I’ve been thinking a lot about privilege.
Because of the horrific things that have been going on in this country, and in the world. Because I’ve recently begun the work of opening my eyes to the privilege in my own life and even in my writing. (This, I’m realizing, makes plenty of sense. What we create – whether it’s fictional or non, will inevitably be informed by who we are, and what we’ve experienced – and have not experienced.)
I’ve also been thinking more about privilege because it’s something many of us feel uncomfortable talking about, and unpacking, certainly publicly. Acknowledging my own discomfort and confusion in this post was an important step for me, a cracking open of a long-closed door. And it was not easy; pressing publish on that post ushered in a robust Truth Hangover. But this itself, this feeling of shakiness in the wake of speaking up is itself an utterly privileged phenomenon. All of this self-study/introspection/existential pondering is.
But what if doing these things gets me, and many of us, somewhere? What if looking honestly at our current selves and our current lives and our histories brings awareness of the privilege we have enjoyed (or not enjoyed), privilege that has maybe heretofore been largely, problematically unconscious? Isn’t that something?
Over the past several years, I’ve been working part-time in the Admissions Department of the school I attended K-12, the school our three daughters now attend. It has been an interesting, rewarding experience. I enjoy speaking with parents and hearing stories and anecdotes and I know and love the school, so the fit has been good. Before one school year, all members of faculty and staff at the school were required to attend a two-day Diversity Training facilitated by a downright brilliant man named Glenn Singleton. We did powerful exercises and talked about things, many of which are at the forefront of the news today – white privilege, the virtue of having courageous conversations about race, the notion that advocating for “colorblindness” in schools – and in society – is both unrealistic, and ultimately dangerous.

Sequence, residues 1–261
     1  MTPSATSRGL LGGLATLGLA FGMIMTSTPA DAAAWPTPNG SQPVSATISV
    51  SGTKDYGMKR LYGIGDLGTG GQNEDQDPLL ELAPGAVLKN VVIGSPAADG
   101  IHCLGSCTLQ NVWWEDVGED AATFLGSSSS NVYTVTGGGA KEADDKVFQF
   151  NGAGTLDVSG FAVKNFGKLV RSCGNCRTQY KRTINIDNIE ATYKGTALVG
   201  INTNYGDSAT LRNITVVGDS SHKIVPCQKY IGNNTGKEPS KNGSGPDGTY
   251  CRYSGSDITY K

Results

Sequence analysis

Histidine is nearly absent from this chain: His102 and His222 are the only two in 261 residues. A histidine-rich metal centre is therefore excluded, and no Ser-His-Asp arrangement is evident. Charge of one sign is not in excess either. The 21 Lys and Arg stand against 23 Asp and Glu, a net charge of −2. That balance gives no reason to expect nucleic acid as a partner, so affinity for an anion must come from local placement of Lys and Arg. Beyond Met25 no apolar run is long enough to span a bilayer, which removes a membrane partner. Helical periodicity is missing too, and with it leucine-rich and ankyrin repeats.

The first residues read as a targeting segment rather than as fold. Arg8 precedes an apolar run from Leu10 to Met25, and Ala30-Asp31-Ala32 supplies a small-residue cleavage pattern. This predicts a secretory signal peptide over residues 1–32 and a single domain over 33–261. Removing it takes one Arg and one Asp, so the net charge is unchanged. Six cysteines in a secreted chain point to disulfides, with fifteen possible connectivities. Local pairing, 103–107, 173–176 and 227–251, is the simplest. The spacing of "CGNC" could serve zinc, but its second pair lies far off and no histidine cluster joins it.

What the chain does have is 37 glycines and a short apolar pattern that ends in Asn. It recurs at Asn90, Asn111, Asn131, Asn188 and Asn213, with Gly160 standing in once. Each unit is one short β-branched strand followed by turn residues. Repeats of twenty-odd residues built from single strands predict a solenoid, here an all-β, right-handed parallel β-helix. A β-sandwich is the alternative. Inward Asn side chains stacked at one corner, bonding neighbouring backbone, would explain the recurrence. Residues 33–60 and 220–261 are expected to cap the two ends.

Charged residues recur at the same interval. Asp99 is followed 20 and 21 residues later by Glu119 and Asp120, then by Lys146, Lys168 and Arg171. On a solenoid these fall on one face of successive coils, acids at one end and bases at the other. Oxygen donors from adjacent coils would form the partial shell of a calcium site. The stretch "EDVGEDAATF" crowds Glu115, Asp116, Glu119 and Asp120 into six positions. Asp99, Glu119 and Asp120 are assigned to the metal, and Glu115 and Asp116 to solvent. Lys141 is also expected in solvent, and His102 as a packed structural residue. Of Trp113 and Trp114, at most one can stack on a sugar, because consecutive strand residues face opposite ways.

Those two days affected me, dislodged something. I remember sitting in my seat and feeling my heart clang in my chest. At several points, I teared up. I finished the training with the distinct and heartbreaking feeling that on the question of race and of privilege, I’d been sleepwalking. This was terminology Singleton himself used. I walked out of the school more awake, determined to do and see things differently. But then, let’s be honest, I went back to my life, my busy privileged life of raising daughters and writing words in Manhattan, and my determination got displaced by the day-to-day demands of my pretty little bubble.
And here I am again. I plan to go back and read Singleton’s words and watch his talks on YouTube. I encourage you all to do so as well. I even have this perhaps far-fetched dream of bringing him here to my home to speak to a gathering of my friends on the topic of white privilege. Maybe I will hustle and try to find a way to make this happen.
I just Googled “What is privilege?” A basic start. This is what I found: a special right, advantage, or immunity granted or available only to a particular person or group of people. Then I came upon a 2014 article by Joshua Rothman from The New Yorker called The Origins of “Privilege” Go read it. It’s good. In it, Rothman interviews Peggy McIntosh who famously penned the paper White Privilege: Unpacking the Invisible Knapsack where she details 50 “Daily Effects of White Privilege.” Please read this paper, too.
Within The New Yorker article, I was linked to a BuzzFeed survey entitled “How Privileged Are You?” I was curious. I answered the questions – largely having to do with race, gender, sexuality, religion, socio-economics – and this is what popped up:
You’re the most privileged. In a bold red box. A 78. (I suspect my score would be a lot higher if I were a man.) I read the little accompanying paragraph. “This is not a bad thing, nor is it something to be ashamed of. It just means that a lot of other people in the world don’t live life with the advantages you have, and that’s something you should always be aware of.” And then there was this: “Hey, the fact that you took the time and effort to check your privilege means that you’re already trying.”
I read this final bit and smiled and felt good, but the good feeling faded fast. Yes, it’s a tiny step in the right direction to run internet searches and read articles and take quizzes, to build toward a greater sense of self-awareness of self and world, but then what? This is where I snag. I do not think it’s enough. This is where I need to do more work, where many of us need to do far more work. Once we become aware of our privilege, of all the tiny and tremendous ways we are at some kind of advantage in the world, what do we do? Yes, we read books and think deeply and write blog posts from our kitchen islands, but what else?
This is a serious question.
I’m eager to know what you think. About any of this. About the question of privilege vis-a-vis race or other identity markers. Have you been aware of the privilege – or lack thereof – in your own life? Have recent events made all of this more pressing to you? Will you take the time to do the quiz and report back what you find and/or share it with others? How privileged are you?